Sal, Teak and Mahua, deep rooted on sandy cliffs, guard this place while the sublime Narmada endows it with serenity such that the calmness enraptures every stone echoing the holy word OM.
The Chastening holy river – Narmada
A massive 1312 meters long river Narmada is the lifeline of Madhya Pradesh in true sense. In Omkareshwar, it segments into Narmada and Kaveri, thus creating a small island specifically reflecting the letter OM. It is the only river that flows westwards from the Satpura and Vindhyachal range. Localites believe that Yamuna purifies you with 6 holy dips and Ganga with a single embrace. But Narmada chastens you just with a glimpse. Backbone to the agro economy of the Central India, the river is often termed as ‘Ganga to the underprivileged’. Vedas and Scholars assimilate Ganga to Rigveda, Yamuna to Yajurveda, Saraswati to Atharvaveda and Narmada to Samveda. As Samveda is the veda for melodies, chants, art and culture, hence areas aligning with the river metamorphose the folklore, beliefs and heritage. Every single drop of Narmada is a reverberance to belief and devotion.
As soon as we entered Omkareshwar, we first saw the enormous Omkar dam project. This 950 ft long, 33 ft tall dam produces 520 Megawatt electricity. The dam has 23 radial gates, which intensify the gigantic waves of the river during rains. Earlier, when the dam was not in existence, the pilgrims used boats to reach Dhawdi Kund to buy Narmadeshwar Shivalinga, formed by Narmada waters and were a symbol for self manifestation. Now after construction of the dam, the route is initiated through Bakaanwaa village. Omkareshwar radiates the indigenous Nimaad traditions, a delight to carefree and relaxing moods.
The clock ticked 1.00 and we decided to plunge at MP Tourism’s, Narmada resort perfectly placed at Narmada banks with picturesque view. At the resort, another interesting information was dropped upon at us – Narmada water is heavy and you don’t feel like eating once you gulp down a litre or two.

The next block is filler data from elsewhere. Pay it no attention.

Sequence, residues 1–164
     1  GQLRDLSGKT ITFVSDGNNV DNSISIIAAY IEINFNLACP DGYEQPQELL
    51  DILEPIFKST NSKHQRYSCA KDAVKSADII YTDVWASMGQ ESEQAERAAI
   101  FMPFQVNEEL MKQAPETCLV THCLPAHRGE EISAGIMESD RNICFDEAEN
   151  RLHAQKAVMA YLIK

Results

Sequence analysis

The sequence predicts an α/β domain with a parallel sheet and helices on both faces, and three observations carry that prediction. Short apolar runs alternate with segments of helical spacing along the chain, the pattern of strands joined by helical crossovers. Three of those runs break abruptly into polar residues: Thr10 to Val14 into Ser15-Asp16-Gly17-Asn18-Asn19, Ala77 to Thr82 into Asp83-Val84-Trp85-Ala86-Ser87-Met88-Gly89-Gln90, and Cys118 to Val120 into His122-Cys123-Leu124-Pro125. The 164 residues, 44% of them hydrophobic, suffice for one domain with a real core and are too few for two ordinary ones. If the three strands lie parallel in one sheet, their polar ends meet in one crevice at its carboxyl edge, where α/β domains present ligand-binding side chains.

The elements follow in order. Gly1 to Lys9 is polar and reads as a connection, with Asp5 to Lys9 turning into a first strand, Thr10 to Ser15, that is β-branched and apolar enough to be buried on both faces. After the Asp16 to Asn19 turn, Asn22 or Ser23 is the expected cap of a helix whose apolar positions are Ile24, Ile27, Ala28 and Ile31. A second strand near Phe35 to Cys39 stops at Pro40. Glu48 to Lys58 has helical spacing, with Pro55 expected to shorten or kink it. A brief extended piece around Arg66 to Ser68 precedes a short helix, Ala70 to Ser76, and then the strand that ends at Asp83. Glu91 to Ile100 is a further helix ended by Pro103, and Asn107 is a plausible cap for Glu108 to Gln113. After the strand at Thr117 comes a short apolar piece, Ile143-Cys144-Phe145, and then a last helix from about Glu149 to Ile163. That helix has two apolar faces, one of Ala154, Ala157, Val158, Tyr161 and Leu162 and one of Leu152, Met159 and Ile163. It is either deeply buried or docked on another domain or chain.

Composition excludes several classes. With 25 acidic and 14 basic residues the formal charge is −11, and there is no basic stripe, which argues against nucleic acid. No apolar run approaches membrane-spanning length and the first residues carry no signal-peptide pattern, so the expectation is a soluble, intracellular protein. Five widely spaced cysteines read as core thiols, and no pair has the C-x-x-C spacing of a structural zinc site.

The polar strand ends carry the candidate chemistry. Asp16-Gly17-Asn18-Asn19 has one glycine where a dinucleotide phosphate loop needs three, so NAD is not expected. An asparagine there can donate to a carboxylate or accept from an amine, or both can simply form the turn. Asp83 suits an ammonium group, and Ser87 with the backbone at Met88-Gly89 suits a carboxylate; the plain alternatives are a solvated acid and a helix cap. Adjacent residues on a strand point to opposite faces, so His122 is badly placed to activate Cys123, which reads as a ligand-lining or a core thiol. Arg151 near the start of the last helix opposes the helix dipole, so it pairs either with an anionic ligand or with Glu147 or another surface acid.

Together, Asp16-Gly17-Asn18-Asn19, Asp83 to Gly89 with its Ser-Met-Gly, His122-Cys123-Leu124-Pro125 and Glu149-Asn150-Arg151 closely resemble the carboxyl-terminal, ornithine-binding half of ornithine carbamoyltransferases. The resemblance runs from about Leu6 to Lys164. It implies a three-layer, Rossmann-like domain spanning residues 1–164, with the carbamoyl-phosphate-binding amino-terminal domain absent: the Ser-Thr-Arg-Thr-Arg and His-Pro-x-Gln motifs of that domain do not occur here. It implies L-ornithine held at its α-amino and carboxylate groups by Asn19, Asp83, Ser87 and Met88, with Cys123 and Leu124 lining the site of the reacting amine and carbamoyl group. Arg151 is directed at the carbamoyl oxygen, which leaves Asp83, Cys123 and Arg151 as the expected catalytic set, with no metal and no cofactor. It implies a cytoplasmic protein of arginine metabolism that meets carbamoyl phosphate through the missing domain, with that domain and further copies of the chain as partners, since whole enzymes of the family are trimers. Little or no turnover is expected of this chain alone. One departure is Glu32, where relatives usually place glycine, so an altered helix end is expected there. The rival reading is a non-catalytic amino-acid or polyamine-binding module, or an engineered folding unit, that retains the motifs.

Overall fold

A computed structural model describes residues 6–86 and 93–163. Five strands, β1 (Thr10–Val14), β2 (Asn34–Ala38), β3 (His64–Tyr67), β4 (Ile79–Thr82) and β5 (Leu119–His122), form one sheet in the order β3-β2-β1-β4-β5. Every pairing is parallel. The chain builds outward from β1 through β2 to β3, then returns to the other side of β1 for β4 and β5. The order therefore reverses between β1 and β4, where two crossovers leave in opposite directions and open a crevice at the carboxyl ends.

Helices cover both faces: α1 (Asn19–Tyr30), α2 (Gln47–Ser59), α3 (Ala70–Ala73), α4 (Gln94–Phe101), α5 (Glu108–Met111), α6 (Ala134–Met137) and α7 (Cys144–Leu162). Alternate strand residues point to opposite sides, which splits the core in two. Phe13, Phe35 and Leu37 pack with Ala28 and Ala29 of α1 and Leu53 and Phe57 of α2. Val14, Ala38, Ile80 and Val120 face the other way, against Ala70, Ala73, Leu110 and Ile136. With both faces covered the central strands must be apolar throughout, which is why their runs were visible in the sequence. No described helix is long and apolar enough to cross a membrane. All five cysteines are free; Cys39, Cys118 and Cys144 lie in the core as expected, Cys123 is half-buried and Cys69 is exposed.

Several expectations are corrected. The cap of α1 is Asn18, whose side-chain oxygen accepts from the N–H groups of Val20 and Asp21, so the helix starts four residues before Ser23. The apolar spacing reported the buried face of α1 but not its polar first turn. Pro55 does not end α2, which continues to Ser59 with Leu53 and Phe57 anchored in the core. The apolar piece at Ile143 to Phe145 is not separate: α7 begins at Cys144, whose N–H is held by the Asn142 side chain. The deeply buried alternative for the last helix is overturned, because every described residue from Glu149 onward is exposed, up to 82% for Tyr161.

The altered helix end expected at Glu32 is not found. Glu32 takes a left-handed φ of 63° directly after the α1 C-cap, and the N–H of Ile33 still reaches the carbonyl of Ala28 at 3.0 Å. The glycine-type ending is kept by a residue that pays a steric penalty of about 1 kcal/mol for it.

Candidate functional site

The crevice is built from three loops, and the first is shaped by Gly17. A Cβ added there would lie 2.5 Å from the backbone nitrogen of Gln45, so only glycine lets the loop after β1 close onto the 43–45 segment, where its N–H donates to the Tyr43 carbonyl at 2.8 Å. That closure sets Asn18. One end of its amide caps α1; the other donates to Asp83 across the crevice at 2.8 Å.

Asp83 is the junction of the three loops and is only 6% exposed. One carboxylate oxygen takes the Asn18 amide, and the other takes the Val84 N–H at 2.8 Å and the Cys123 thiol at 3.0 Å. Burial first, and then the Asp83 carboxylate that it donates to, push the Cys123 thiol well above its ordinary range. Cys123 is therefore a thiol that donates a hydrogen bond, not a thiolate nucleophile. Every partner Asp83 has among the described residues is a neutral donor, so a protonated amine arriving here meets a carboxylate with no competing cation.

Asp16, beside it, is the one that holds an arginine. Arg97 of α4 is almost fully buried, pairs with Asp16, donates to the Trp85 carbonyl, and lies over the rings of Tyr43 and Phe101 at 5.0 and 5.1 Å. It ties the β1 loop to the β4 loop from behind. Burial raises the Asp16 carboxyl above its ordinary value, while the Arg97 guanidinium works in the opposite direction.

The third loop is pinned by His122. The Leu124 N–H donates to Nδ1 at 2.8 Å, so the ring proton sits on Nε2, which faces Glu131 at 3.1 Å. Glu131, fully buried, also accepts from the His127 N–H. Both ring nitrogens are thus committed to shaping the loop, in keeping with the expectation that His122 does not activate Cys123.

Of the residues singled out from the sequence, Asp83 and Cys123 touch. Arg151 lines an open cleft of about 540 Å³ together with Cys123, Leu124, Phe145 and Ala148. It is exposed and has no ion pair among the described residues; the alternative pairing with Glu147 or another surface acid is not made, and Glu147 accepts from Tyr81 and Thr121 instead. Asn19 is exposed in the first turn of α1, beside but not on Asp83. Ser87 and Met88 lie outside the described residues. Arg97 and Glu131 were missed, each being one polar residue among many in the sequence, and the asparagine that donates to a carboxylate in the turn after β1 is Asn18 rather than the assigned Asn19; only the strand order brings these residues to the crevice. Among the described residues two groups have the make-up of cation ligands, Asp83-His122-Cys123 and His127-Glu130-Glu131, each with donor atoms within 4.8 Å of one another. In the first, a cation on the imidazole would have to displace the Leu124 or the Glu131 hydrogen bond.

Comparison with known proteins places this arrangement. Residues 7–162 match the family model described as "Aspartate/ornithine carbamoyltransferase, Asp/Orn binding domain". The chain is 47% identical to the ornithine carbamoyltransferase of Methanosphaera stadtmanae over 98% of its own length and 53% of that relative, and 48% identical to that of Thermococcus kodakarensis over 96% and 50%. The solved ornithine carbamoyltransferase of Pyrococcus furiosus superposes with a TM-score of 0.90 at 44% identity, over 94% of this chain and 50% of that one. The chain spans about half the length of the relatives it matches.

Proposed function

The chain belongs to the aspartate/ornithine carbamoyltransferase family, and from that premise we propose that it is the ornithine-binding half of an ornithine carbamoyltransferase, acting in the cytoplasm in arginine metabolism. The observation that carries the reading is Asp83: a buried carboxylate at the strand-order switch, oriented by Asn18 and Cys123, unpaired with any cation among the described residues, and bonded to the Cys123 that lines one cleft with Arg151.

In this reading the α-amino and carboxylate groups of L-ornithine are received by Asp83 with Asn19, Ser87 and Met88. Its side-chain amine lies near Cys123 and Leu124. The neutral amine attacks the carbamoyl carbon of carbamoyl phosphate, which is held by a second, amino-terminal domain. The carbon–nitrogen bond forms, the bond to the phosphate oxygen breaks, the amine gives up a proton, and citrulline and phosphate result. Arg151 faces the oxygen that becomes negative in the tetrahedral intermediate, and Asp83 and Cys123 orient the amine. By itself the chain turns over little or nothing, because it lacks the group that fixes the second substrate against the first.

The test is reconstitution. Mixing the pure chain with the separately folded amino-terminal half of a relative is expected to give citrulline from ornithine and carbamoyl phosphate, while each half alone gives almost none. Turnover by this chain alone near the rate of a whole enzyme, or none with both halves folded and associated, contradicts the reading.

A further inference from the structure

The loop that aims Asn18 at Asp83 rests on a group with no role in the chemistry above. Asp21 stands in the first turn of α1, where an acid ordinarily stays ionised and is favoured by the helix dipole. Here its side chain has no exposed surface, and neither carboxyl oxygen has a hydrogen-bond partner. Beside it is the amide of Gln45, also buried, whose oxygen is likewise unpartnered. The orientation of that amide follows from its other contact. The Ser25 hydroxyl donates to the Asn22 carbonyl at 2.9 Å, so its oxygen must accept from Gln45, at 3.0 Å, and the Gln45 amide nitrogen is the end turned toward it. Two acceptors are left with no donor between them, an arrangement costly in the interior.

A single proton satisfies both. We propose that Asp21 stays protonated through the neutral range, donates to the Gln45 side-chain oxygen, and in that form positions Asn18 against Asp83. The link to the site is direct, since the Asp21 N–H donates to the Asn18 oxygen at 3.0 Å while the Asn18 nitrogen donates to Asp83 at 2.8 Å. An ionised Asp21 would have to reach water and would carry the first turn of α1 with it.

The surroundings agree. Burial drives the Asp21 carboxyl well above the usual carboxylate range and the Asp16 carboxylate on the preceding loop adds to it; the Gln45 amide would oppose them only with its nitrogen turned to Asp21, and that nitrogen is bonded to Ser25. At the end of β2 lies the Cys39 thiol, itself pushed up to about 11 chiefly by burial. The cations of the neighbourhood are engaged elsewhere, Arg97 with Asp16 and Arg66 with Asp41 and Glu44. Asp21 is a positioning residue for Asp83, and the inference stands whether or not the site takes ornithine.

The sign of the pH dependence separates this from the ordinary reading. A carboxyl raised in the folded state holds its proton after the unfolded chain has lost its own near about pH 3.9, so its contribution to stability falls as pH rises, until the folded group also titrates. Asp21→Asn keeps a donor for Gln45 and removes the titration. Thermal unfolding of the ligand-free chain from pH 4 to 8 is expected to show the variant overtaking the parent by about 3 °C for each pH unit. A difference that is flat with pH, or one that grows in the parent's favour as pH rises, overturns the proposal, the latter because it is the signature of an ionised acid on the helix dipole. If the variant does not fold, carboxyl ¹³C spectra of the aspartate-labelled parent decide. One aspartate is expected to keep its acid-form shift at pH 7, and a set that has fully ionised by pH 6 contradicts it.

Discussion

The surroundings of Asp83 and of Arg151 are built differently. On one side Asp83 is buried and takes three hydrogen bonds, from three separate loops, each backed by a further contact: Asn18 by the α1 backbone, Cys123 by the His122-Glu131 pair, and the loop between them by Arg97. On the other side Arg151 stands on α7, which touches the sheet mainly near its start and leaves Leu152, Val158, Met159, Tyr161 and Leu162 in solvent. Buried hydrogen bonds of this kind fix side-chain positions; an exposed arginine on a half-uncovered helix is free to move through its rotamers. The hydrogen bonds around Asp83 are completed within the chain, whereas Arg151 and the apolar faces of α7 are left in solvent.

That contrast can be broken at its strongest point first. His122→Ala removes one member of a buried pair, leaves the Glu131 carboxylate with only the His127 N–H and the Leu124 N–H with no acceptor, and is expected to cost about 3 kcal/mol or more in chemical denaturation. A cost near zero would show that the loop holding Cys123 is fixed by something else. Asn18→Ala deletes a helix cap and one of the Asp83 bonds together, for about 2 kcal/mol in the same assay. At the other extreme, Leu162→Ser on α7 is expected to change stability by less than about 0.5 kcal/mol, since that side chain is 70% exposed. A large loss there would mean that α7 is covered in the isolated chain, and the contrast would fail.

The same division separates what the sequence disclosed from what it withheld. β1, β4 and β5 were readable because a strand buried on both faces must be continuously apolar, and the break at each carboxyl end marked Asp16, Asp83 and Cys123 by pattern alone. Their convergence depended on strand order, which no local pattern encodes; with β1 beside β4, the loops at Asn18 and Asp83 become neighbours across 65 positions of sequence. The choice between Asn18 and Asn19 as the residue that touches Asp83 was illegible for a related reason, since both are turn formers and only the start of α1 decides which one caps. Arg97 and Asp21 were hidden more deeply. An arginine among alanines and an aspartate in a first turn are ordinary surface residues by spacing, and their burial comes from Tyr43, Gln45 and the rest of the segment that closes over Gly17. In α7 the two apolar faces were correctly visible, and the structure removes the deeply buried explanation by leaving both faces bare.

Nimaari cuisine is simple – Daal Baati, Churma Laddoos, Potato cooked in Tomato gravy and it is available at every local Dhaba. Also, delicacies include Jowar chapati, Gram pulses and Amaadi curry. The plain yet appetizing meal was enticing. May be the transcendence of Narmada water and positivity of the place had already taken a toll.
Where sediments echo OM – Omkareshwar
The big glass windows of the Narmada Resort Restaurant transported us again to the scenic aura of this OM shaped island. We couldn’t stay back at the hotel any longer. Omkareshwar temple is situated on the southern tip of this 4km long and 2 km broad OM. Citing the Puranas, the hills are also called Vaiduryamani. Archaeologists mark the history of this area to 700 BC.
While literature suggests that this area was the southern territorial boundary for Avanti, mythological references claim that a Suryavanshi ruler from Ishwaku dynasty, Mandhata prayed to Lord Shiva and requested him to reside on the Hills forever. And thus, the Lord manifested as the Jyotirlinga.